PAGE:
Investment in cultural leaders can be scarce, but Sue Hoyle explains how candidates can Clore their way to the top
In June 2004, we announced the names of the 27 inaugural fellows on the Clore Leadership Programme, chosen from over 400 candidates. Since then we have offered a further 151 Fellowships to leaders including archivists, archaeologists, choreographers, curators, digital entrepreneurs, education officers, film-makers, librarians, local authority arts officers, publishers and theatre producers. The programme was partly set up to address the concern that there might not be enough good leaders. In each of the past seven years, we have been amazed by both the number and the quality of candidates applying for fellowships: there is clearly no shortage of ambition or vision, but the need for leadership development remains. We aim to build skills, knowledge and networks. This year, competition has been tougher than ever. We are not looking for perfectly formed leaders: we aim to choose people who are ambitious to lead, but for whom a fellowship can make a real difference. The process is rigorous, with every application read separately by two assessors and – if their views differ – moderated by a third reader.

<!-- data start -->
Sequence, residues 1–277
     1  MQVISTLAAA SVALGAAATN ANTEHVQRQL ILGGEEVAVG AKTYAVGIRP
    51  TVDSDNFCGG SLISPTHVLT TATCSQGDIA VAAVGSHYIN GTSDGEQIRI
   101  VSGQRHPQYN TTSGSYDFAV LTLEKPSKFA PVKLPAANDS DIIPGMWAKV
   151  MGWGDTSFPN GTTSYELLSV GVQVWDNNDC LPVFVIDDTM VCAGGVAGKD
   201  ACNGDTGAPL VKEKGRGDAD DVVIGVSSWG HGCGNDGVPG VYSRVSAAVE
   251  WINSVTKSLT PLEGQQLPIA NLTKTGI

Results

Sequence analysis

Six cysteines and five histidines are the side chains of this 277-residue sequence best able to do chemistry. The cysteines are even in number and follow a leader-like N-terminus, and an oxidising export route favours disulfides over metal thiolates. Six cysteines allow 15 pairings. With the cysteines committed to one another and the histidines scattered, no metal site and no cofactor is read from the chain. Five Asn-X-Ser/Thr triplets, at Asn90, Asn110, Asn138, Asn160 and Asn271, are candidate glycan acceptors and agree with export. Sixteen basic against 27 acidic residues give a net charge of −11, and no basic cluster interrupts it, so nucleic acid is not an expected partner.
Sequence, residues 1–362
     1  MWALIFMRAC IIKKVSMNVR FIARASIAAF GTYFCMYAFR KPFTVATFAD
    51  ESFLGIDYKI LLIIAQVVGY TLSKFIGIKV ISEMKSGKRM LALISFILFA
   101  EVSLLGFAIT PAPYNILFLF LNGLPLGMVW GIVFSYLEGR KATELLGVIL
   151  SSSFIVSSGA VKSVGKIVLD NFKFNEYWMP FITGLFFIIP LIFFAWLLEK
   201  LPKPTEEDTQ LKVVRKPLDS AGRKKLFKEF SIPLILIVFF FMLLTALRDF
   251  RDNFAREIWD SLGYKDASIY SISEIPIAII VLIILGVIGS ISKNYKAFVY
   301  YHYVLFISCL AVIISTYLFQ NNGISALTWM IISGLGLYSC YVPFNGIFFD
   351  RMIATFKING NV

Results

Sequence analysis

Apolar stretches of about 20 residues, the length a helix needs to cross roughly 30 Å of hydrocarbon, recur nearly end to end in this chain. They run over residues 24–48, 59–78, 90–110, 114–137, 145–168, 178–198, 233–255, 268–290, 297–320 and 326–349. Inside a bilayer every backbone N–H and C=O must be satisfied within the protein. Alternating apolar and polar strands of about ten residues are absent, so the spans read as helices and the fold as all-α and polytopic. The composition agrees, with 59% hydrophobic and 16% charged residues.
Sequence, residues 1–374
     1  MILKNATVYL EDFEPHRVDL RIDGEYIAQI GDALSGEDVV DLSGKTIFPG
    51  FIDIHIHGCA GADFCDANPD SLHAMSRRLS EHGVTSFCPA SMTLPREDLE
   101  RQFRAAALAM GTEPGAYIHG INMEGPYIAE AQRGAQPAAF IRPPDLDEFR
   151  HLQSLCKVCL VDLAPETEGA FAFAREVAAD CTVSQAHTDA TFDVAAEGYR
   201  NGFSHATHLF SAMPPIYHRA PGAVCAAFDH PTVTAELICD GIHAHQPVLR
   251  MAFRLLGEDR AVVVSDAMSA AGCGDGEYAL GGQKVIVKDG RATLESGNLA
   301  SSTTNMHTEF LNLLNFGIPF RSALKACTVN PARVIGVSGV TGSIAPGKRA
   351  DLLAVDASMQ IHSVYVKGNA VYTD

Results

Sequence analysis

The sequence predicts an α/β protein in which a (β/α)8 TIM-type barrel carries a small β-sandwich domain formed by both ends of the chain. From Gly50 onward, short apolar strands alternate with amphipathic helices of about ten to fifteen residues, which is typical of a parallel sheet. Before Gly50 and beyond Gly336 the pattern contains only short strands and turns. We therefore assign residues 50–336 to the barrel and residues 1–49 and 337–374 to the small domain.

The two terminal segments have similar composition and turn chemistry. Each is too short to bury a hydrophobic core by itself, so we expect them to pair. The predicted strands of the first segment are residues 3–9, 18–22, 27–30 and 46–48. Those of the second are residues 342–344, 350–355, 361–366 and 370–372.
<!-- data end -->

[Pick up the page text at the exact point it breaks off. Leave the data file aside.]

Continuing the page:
All fellows undertake a programme of professional development, which includes two residential leadership courses (the speakers are already creative and cultural leaders); mentoring and coaching; an extended placement in an organisation designed to be very different from the fellow’s usual working environment; and the option of an extended research project. A Clore fellowship does not lead to an academic or professional qualification: it is a process through which participants learn about themselves from other fellows, from seeing leaders at work and talking about their approach to leadership, and from trying out things for themselves.
Clore’s fellows have found many different environments in which to be leaders. Some have set up new charities or businesses or are working independently; others have returned to their jobs; and others have moved into new jobs, for instance heading museums, theatres, orchestras and library services. The cultural sector needs confident and effective leadership. Clore aims to change the culture of leadership, as well as the leadership of culture, to make leaders less isolated, so they can they learn from one another and give each support. For cultural organisations to succeed, they require leaders who are connected to others, who are entrepreneurial, imaginative, creative and collaborative, who have vision and drive, are courageous, positive and can make things happen.
Sue Hoyle is the Director of The Clore Leadership Programme, which is an initiative of the Clore Duffield Foundation. Applications for 2011/12 Fellowships are invited from January 2011 onwards.